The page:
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Welcome to Charles de Lint’s first collection of Newford stories. Immerse yourself in his gritty fictional city—as much a character as Jilly who paints fey wonders, fiddle player Geordie seeking his stolen beloved, the conjure man and his Tree of Tales, or Paperjack revealing fortunes. Meet Gemmins who live in abandoned cars and Katrina, a mermaid so entranced by love that she’s left the cold dark water to walk in the moonlight. Visit the music clubs, the waterfront, and the alleyways where myths and magic spill into the modern world.
This collection of conceptually innovative, thematically simple stories proves again that de Lint is a leading talent in the urban fantasy subgenre.
I can never recapture the feeling of first arriving in Newford and meeting the people and seeing the sights as a newcomer. However, part of the beauty of Newford is the sense that it has always been there, that de Lint is a reporter who occasionally files stories from a reality stranger and more beautiful than ours. De Lint also manages to keep each new Newford story fresh and captivating because he is so generous and loving in his depiction of the characters. Yes, there are a group of core characters whose stories recur most often, but a city like Newford has so many intriguing people in it, so many diverse stories to tell, so much pain and triumph to chronicle.
Dreams Underfoot is a collection of stories set in Newford, Charles de Lint's mythical city, and its environs, both magical and mundane. I say mythical, but Newford is sometimes more real to me than any other place I've been. The stories in this fat volume are all wonderful… These stories connect in ways that tug at your heart and make you look more deeply for the magic in your own life.
If Ottawa-area author Charles de Lint didn't create the contemporary fantasy, he certainly defined it. …writer-musician-artist-folklorist de Lint has lifted our accepted reality and tipped it just enough sideways to show the possibilities that lie beneath the surface… Unlike most fantasy writers who deal with battles between ultimate good and evil, de Lint concentrates on smaller, very personal conflicts. Perhaps this is what makes him accessible to the non-fantasy audience as well as the hard-core fans. Perhaps it's just damned fine writing.
—Quill & Quire
In de Lint's capable hands, modern fantasy becomes something other than escapism. It becomes folk song, the stuff of urban myth.
―The Phoenix Gazette
Charles de Lint shows that, far from being escapism, contemporary fantasy can be the deep mythic literature of our time.
―The Magazine of Fantasy & Science Fiction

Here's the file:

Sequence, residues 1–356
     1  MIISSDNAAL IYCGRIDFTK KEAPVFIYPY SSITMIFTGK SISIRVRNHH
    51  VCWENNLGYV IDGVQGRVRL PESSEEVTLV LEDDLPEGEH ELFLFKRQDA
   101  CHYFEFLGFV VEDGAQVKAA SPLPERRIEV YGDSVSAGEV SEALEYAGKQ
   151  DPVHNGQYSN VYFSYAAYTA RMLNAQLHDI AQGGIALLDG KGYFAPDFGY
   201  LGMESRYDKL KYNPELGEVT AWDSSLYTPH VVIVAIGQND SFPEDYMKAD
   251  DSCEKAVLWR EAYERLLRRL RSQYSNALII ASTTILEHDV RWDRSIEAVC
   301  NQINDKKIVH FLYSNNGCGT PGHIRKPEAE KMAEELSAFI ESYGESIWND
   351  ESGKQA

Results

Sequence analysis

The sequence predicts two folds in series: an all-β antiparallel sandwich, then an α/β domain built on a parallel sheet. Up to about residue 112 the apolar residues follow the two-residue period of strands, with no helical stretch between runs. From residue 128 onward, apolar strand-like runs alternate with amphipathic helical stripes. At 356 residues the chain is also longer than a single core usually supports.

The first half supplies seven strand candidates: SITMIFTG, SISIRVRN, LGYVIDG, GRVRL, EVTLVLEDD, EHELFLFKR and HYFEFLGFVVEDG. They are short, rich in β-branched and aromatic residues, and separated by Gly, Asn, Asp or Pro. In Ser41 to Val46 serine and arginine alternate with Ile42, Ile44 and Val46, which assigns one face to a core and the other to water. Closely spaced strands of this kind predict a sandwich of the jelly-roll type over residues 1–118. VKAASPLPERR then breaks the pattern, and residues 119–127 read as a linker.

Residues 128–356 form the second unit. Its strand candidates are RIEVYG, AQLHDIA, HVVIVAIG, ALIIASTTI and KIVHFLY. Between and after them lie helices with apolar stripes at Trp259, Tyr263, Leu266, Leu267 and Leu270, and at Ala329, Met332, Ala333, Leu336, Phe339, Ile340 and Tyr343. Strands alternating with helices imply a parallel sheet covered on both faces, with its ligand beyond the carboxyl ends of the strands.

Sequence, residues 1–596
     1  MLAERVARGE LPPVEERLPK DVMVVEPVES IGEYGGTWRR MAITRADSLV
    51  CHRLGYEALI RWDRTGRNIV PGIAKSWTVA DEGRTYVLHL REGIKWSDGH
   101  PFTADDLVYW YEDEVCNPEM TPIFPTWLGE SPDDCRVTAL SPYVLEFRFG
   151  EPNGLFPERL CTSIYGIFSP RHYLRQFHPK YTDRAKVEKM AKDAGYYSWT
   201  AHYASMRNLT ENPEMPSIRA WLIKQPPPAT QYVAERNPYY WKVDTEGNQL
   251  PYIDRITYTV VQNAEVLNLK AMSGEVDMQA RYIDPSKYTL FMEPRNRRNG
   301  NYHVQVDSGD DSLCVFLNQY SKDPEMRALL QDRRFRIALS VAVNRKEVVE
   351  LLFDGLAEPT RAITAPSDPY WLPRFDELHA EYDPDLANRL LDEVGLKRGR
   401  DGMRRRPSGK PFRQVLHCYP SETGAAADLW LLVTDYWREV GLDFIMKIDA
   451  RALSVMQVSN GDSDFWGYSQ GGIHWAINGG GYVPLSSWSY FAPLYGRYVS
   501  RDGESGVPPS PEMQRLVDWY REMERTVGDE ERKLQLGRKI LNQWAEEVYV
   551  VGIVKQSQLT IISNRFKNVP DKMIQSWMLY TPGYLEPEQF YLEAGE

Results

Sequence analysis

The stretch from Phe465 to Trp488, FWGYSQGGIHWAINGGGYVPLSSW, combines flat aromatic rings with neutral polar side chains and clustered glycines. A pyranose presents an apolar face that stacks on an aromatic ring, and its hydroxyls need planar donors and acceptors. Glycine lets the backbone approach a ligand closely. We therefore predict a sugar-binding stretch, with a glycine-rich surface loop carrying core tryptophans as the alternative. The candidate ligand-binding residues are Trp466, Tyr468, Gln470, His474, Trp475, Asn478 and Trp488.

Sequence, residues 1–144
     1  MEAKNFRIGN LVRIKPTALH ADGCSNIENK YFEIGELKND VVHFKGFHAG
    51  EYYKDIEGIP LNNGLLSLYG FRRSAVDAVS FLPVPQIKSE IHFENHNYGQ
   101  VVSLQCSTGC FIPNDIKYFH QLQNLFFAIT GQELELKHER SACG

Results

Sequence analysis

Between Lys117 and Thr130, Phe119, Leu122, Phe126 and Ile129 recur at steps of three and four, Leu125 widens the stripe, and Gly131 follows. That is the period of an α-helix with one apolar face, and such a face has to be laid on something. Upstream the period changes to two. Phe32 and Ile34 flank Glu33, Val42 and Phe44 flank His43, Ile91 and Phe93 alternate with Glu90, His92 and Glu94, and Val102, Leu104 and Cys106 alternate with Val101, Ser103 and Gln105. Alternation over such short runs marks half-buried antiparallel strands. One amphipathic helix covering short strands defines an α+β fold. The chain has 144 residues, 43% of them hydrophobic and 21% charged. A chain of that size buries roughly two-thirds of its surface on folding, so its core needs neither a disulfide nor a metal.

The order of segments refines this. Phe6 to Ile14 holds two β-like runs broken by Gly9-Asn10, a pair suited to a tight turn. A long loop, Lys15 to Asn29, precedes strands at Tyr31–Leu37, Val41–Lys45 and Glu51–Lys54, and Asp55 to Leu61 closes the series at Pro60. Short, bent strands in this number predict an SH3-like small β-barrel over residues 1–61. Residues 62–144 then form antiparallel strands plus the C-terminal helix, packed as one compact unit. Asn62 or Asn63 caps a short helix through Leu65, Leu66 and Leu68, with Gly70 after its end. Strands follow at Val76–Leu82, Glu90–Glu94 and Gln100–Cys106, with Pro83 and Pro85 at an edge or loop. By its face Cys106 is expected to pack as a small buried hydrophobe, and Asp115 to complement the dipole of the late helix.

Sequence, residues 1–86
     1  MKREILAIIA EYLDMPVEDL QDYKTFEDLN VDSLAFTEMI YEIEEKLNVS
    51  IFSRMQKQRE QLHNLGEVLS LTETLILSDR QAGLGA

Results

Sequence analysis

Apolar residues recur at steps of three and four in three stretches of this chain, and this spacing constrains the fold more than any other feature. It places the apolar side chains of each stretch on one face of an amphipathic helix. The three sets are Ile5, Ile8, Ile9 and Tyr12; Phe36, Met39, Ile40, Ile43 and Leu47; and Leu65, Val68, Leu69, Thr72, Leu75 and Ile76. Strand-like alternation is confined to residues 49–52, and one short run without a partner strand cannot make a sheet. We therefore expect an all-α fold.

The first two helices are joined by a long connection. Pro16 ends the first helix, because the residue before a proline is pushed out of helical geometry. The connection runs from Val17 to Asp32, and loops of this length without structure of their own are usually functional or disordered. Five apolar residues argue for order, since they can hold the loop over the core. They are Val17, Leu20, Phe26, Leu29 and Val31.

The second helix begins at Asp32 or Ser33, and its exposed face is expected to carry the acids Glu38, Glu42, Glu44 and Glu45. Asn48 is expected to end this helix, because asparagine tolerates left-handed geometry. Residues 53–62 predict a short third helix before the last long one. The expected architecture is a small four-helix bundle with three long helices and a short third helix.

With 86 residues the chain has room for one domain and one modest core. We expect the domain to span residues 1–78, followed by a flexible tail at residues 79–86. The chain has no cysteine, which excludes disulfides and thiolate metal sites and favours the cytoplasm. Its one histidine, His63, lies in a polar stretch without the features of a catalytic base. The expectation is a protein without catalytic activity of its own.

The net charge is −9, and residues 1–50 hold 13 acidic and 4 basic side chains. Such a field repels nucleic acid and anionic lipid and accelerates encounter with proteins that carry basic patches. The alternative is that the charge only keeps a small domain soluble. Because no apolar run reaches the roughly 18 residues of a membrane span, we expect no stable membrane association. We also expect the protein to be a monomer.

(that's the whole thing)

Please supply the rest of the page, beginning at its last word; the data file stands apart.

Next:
Every story is a winner. With moody pieces offset by airy and magical fantasies, and the occasional glint of an edge just beneath the surface, de Lint does indeed create a mythology all his own.
Maybe you find it hard to believe that the dirty, smelly, crowded modern-day city can have any sort of mystique or magic to it, but believe me, there's a lot more than what meets the eye. Legends stalk the slums, ghosts haunt the cobblestoned streets, goblins dwell in the buried part of the city, and nightmares share the roads. The city itself possesses character, spirit, and an identity.
—Green Man Review
This collection of conceptually innovative, thematically simple stories proves again that de Lint ( Spiritwalk ) is a leading talent in the urban fantasy subgenre, which seeks to unite the escapist whimsy of fantasy with the hard edge of cyberpunk SF. The stories are all set in Newford, a New York/Chicago-style urban jungle where citizens often encounter strange beings--worldly monsters, as well as unearthly ghosts--who coexist in what one character calls ``a consensual reality where things exist because we want them to exist.'' In what may be his cleverest stylistic twist, de Lint links the stories through overlapping characters, all of whom have some familiarity with the fictional writer Christy Riddell, who (like de Lint) writes ``mythistories,'' the ``odd little stories that lie just under the skin of any large city.'' De Lint is at his best when his sense of wonder at the possibilities of imagination is rooted in an unsentimental view of harsh human realities: ``Freewheeling'' includes a sad view of urban street kids, and ``In the House of My Enemy'' takes a tough look at child abuse. However, De Lint's obviously sincere feeling that ``if we learned to care again about the wild places from which we'd driven the magic away, then maybe it would return'' leads him to spell out his moral messages, to the detriment of his fiction.